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Personal Finance Education, Financial literacy programs,Personal finance courses,Money management education

Personal Finance Education, Financial literacy programs,Personal finance courses,Money management education

Personal Finance Education

Personal money management isn't one of the most popular topics in educational systems. Many college degrees require some financial education, but it isn't geared toward individuals, which means that most of us will need to get our personal finance education from our parents (if we’re lucky) or learn it ourselves.


Fortunately, you don’t have to spend much money to find out how to manage it better. You can learn everything you need to know for free online and in library books. Almost all media publications regularly dole out personal finance advice, too.


Online Blogs

Reading personal finance blogs is a great way to start learning about personal finance. Instead of the general advice you’ll get in personal finance articles, you’ll learn exactly which challenges real people face and how they address them.


Mr. Money Mustache has hundreds of posts full of insights on escaping the rat race and retiring early by making unconventional lifestyle choices.13 CentSai helps you navigate myriad financial decisions via first-person accounts.14 Million Mile Secrets and The Points Guy each teach you how to travel for a fraction of the retail price using credit card rewards. These sites often link to other blogs, so you’ll discover more sites as you read.1516


Of course, we can’t help tooting our own horn in this category. Investopedia offers a wealth of free personal finance education. You might start with our special sections on budgeting, buying a home, and planning for retirement—or the thousands of other articles in our personal finance section. And don’t forget to listen to “The Investopedia Express with Caleb Silver,” our weekly podcast, and sign up for Investopedia newsletters.


At the Library

You may need to visit your library in person to get a library card if you don’t already have one, but after that, you can check out personal finance audiobooks and e-books online without leaving home. Some of the following best sellers may be available from your local library: I Will Teach You to Be RichThe Millionaire Next Door, Your Money or Your Life, and Rich Dad Poor Dad. Personal finance classics such as Personal Finance for DummiesThe Total Money MakeoverThe Little Book of Common Sense Investing, and Think and Grow Rich are also available as audiobooks.


Free Online Classes

If you enjoy the structure of lessons and quizzes, try one of these free digital personal finance courses:

  • Morningstar Investing Classroom offers a place for beginning and experienced investors alike to learn about stocks, funds, bonds, and portfolios. Some of the courses you’ll find include “Stocks Versus Other Investments,” “Methods for Investing in Mutual Funds,” “Determining Your Asset Mix,” and “Introduction to Government Bonds.” Each course takes about 10 minutes and is followed by a quiz to help you make sure that you understood the lesson.17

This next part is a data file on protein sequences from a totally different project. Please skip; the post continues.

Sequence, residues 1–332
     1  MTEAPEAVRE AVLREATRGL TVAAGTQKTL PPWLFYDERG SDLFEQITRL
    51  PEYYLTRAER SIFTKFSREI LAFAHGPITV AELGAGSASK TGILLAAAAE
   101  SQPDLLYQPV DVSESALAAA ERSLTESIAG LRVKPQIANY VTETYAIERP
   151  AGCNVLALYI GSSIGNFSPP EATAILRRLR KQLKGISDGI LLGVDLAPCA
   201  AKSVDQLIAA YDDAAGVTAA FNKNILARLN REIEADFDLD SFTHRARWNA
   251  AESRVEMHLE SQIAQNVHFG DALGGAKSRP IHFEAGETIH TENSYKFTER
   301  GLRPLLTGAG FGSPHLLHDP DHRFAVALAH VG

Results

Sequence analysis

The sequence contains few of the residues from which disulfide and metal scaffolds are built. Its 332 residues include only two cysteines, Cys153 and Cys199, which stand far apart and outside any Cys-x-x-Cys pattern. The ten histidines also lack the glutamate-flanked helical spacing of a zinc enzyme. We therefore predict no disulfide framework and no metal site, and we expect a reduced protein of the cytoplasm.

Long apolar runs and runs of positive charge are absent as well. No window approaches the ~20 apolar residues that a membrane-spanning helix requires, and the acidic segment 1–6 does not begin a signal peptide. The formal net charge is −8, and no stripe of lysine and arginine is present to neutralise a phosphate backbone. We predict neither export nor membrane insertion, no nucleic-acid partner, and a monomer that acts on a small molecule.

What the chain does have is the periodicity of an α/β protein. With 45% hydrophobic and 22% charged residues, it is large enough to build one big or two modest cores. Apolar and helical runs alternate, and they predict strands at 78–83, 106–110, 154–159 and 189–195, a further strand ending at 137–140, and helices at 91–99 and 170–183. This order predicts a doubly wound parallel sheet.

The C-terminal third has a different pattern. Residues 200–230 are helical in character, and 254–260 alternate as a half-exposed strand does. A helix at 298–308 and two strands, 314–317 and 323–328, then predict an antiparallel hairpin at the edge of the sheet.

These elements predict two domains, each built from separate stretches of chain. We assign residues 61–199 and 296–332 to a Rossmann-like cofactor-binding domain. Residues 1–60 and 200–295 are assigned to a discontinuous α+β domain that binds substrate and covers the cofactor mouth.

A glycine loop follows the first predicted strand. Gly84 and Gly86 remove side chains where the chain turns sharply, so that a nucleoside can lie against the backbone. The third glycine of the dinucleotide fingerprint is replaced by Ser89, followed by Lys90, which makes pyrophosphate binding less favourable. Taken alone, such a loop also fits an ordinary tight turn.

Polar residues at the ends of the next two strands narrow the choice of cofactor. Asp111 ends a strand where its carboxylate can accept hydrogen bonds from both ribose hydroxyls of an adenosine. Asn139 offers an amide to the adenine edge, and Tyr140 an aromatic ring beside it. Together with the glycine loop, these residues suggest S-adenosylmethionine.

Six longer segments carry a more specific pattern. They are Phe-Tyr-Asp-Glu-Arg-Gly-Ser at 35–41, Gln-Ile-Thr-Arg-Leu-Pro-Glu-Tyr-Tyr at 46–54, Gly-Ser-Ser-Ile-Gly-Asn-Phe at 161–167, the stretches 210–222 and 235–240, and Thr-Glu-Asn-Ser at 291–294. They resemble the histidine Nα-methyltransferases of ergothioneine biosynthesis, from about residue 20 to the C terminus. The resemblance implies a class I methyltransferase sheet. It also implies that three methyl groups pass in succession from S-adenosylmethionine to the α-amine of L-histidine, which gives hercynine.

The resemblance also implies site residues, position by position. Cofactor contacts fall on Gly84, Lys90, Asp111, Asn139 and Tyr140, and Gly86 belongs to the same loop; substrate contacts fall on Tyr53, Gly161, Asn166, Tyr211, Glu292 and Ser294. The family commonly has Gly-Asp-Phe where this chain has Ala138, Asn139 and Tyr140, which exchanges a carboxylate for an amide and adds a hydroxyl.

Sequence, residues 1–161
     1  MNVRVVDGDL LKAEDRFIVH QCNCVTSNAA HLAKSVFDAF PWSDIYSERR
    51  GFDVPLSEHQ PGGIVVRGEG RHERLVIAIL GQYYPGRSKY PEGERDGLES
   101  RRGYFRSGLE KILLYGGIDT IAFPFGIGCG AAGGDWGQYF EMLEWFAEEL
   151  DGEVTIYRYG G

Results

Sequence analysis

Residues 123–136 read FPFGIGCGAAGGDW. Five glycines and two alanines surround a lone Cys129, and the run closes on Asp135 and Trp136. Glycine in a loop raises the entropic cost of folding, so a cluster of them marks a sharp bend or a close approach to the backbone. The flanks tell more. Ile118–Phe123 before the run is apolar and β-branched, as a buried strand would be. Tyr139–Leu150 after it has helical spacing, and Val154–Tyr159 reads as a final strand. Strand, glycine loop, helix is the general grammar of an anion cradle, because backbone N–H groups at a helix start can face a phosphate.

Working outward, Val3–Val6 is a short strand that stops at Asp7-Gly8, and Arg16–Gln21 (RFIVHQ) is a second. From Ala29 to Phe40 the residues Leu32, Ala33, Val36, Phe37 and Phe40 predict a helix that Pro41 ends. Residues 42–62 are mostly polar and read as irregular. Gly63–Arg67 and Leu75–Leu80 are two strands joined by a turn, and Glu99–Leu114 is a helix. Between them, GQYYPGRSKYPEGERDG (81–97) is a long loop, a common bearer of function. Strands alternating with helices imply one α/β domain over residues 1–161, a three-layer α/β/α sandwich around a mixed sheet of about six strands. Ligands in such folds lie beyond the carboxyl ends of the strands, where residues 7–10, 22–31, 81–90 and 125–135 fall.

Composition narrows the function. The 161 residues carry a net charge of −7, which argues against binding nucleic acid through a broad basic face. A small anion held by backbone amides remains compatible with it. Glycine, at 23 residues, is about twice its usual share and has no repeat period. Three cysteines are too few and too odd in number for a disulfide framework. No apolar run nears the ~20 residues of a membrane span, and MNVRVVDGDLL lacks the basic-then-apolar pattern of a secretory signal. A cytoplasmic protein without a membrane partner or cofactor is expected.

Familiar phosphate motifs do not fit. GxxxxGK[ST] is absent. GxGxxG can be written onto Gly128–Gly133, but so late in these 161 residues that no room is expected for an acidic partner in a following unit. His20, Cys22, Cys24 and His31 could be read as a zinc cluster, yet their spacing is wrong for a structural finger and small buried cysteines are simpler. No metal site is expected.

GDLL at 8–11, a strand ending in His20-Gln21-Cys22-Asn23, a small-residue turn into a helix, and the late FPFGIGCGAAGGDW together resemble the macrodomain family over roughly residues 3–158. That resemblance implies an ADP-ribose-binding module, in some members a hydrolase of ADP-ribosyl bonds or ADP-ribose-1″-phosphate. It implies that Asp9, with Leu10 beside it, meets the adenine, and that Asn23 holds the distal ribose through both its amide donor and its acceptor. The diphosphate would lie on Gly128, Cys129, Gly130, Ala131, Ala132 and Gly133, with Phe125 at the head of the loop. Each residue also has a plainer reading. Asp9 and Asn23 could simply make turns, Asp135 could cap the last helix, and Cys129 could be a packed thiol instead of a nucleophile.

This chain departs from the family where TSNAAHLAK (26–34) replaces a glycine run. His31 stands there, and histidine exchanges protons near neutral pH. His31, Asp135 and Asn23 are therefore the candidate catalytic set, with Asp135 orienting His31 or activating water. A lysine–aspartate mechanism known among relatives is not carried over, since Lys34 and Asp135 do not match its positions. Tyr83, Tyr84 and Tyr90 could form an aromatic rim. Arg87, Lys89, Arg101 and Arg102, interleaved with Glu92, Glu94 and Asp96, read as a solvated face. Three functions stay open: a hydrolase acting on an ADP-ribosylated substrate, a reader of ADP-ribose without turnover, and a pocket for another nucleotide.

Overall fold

• EdX is an online learning platform created by Harvard University and the Massachusetts Institute of Technology. It offers at least three courses that cover personal finance: “How to Save Money: Making Smart Financial Decisions” from the University of California at Berkeley, “Personal Finance” from Purdue University, and “Finance for Everyone: Smart Tools for Decision-Making” from the University of Michigan. These courses will teach you how credit works, which types of insurance you might want to carry, how to maximize your retirement savings, how to read your credit report, and what the time value of money is.18
  • “Planning for a Secure Retirement” is an online course from Purdue University. It’s broken up into 10 main modules, and each has four to six sub-modules on topics such as Social Security, 401(k) and 403(b) plans, and IRAs. You’ll learn about your risk tolerance, think about what kind of retirement lifestyle you want, and estimate your retirement expenses.19
  • “Personal Finance” is a free online video course from Missouri State University through iTunes. This basic course is good for beginners who want to learn about personal financial statements and budgets, how to use consumer credit wisely, and how to make decisions about cars and housing.20


Personal finance podcasts are a great way to learn how to manage your money if you’re short on free time. While you’re getting ready in the morning, exercising, driving to work, running errands, or preparing for bed, you can listen to expert advice on becoming more financially secure. In addition to “The Investopedia Express with Caleb Silver,” you may find these valuable:


  • The Dave Ramsey Show is a call-in program that you can listen to any time through your favorite podcast app. You’ll learn about the financial problems that real people are facing and how a multimillionaire who was once broke himself recommends solving them.21
  • Freakonomics Radio and NPR’s Planet Money both make economics enjoyable by using it to explain real-world phenomena such as “how we got from mealy, nasty apples to apples that actually taste delicious,” the Wells Fargo fake-accounts scandal, and whether we should still be using cash.2223
  • American Public Media’s Marketplace helps make sense of what’s happening in the business world and the economy.24
  • So Money with Farnoosh Torabi combines interviews with successful business people, expert advice, and listeners’ personal finance questions.25

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